At the donors' conference co-hosted by the US, UK, EU and UNHCR on October 22, the international community pledged USD 597 million in humanitarian assistance for the Rohingya. The promises of aid were accompanied by the usual virtue signalling—US Deputy Secretary of State Stephen Biegun said, "As the world's most generous donor, we are a catalyst for the international humanitarian response and call on others to contribute to this cause"; European Commissioner for Crisis Management Janez Lenarcic asked the international community to, "strengthen its shared efforts towards reaching a sustainable solution"; and UK Foreign Secretary Dominic Raab spoke of how the UK has, "taken action against the architects of this systemic violence, including through sanctions and we will continue to hold those responsible to account."
One does not have to look too closely to see the cracks in these pretty speeches. Take, for instance, Dominic Raab's claim about sanctions. According to Burma Campaign UK, these measures are completely "toothless" and that "symbolic measures do not constitute an effective response to genocide"—a recent review from the British Treasury showed that none of the 16 individuals sanctioned have had any of their assets frozen and are unlikely to have any assets in the UK anyway.
However, the UK is not the only state to have a bark that is worse than their bite. Despite the UN and the International Court of Justice (ICJ) recognising Myanmar's treatment of the Rohingya as genocide, the international community has, by and large, failed to hold Myanmar to account or even strongly condemn them for actions that even Myanmar's State Counsellor Aung San Suu Kyi has grudgingly conceded could be crimes against humanity.
As Bangladesh's State Minister for Foreign Affairs Shahriar Alam bluntly stated on Thursday, the business-as-usual approach and appeasement theory pursued by the international community are emboldening Myanmar to act with impunity.
This business-as-usual attitude is perhaps best reflected in the international community's response to the upcoming elections in Myanmar. A joint statement issued in September by the UK, Belgium, the Dominican Republic, Estonia, France, Germany, Tunisia and USA stated that "the elections on November 8 are an important milestone in Myanmar's transition, which the international community has supported with funding and technical expertise."
Why is the international community giving funding and technical expertise to elections that have barred Rohingya candidates from running for office and disenfranchised 1.2 million out of the 1.6 million voters in the state of Rakhine? According to Reuters, Myanmar's election committee announced last week that more than half the polling stations initially planned in Rakhine will no longer operate, as parts of the state are "too unstable for voting". Locals have condemned this as political manoeuvring since in the 2015 elections, the Arakan National Party defeated the ruling National League for Democracy in Rakhine and gained the third highest number of votes in the country. Rakhine is not the only state to be targeted—a Radio Free Asia report suggests that voting has been stopped or restricted in over 50 townships in different states so far, meaning this year's parliament could have at least 17 less representatives.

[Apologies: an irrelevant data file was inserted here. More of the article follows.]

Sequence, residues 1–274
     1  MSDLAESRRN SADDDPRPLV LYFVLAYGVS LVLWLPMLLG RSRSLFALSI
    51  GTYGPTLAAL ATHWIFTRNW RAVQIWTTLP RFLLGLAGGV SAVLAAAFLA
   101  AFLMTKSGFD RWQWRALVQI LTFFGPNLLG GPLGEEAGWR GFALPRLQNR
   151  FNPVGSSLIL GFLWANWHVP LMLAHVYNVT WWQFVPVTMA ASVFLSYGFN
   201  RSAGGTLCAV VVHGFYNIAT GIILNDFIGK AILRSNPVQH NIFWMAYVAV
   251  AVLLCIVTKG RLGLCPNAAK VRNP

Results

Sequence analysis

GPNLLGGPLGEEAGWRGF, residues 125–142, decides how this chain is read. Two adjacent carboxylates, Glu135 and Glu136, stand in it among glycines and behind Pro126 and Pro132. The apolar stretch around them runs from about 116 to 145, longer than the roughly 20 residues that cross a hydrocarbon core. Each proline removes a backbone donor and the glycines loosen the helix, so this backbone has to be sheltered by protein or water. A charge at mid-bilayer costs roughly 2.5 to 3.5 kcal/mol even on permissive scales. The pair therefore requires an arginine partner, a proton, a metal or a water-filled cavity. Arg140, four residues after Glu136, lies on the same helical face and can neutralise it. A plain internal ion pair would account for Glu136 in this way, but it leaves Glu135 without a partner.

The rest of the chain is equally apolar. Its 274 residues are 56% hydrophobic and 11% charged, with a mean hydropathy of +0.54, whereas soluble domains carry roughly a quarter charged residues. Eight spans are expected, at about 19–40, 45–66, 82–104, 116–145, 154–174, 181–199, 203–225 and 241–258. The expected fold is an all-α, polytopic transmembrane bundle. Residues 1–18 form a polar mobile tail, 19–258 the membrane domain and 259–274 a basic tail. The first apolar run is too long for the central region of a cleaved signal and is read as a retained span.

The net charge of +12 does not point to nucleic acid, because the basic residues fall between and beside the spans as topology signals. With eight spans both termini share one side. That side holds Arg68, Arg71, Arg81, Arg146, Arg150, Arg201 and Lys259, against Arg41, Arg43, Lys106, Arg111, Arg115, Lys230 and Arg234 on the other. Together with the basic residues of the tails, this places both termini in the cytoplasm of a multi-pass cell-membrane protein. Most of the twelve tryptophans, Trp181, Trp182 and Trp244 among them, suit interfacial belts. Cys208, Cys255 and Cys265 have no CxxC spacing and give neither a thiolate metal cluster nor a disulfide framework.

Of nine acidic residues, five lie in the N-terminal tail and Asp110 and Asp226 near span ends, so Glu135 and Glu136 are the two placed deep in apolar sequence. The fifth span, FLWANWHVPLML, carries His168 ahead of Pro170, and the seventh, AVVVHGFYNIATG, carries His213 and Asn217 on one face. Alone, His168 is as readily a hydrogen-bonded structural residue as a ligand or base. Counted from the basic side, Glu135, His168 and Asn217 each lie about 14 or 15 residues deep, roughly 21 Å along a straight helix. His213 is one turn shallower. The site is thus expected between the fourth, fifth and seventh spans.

Human rights organisations have also roundly criticised the EU for funding and helping to create an app being used in the Myanmar elections, which has been accused of contributing to the erasure of the Rohingya identity. The app categorises parliamentary candidates based on their race and religion, and listed Rohingya candidate Aye Win as "Bengali". He was later disqualified from running on the grounds of ethnic identity, despite previously being considered to be an eligible candidate. This erasure of identity has been recognised as part of the genocide against Rohingyas—there is huge pressure on the community to either accept national verification cards categorising them as "Bengali" or live in apartheid conditions, with no access to travel and economic opportunities. Despite this, a statement from the EU after the Sixth European Union-Myanmar Human Rights Dialogue on October 14, referring to the state of human rights in the country, did not mention the word "Rohingya" once. Could this really have been an insensitive mistake, or a deliberate attempt to appease Myanmar?
Of course, one could argue that some form of democratic elections is better than no elections at all. However, we must also consider the cost of Myanmar's tiresomely slow path to democratisation. The violence within the country has only gotten worse—according to the UN Office for the Coordination of Humanitarian Affairs (OCHA), conflict between the Myanmar military and the Arakan Army in Rakhine has already displaced over 90,000 people. Last month, the UN high commissioner for human rights Michelle Bachelet warned that the Myanmar military was again killing and abducting civilians with impunity in Rakhine and neighbouring Chin, saying this "may constitute further war crimes or even crimes against humanity". On October 5, two children were killed in Rakhine under dubious circumstances—the locals alleged that the army used them as human shields to clear landmines ahead of the soldiers.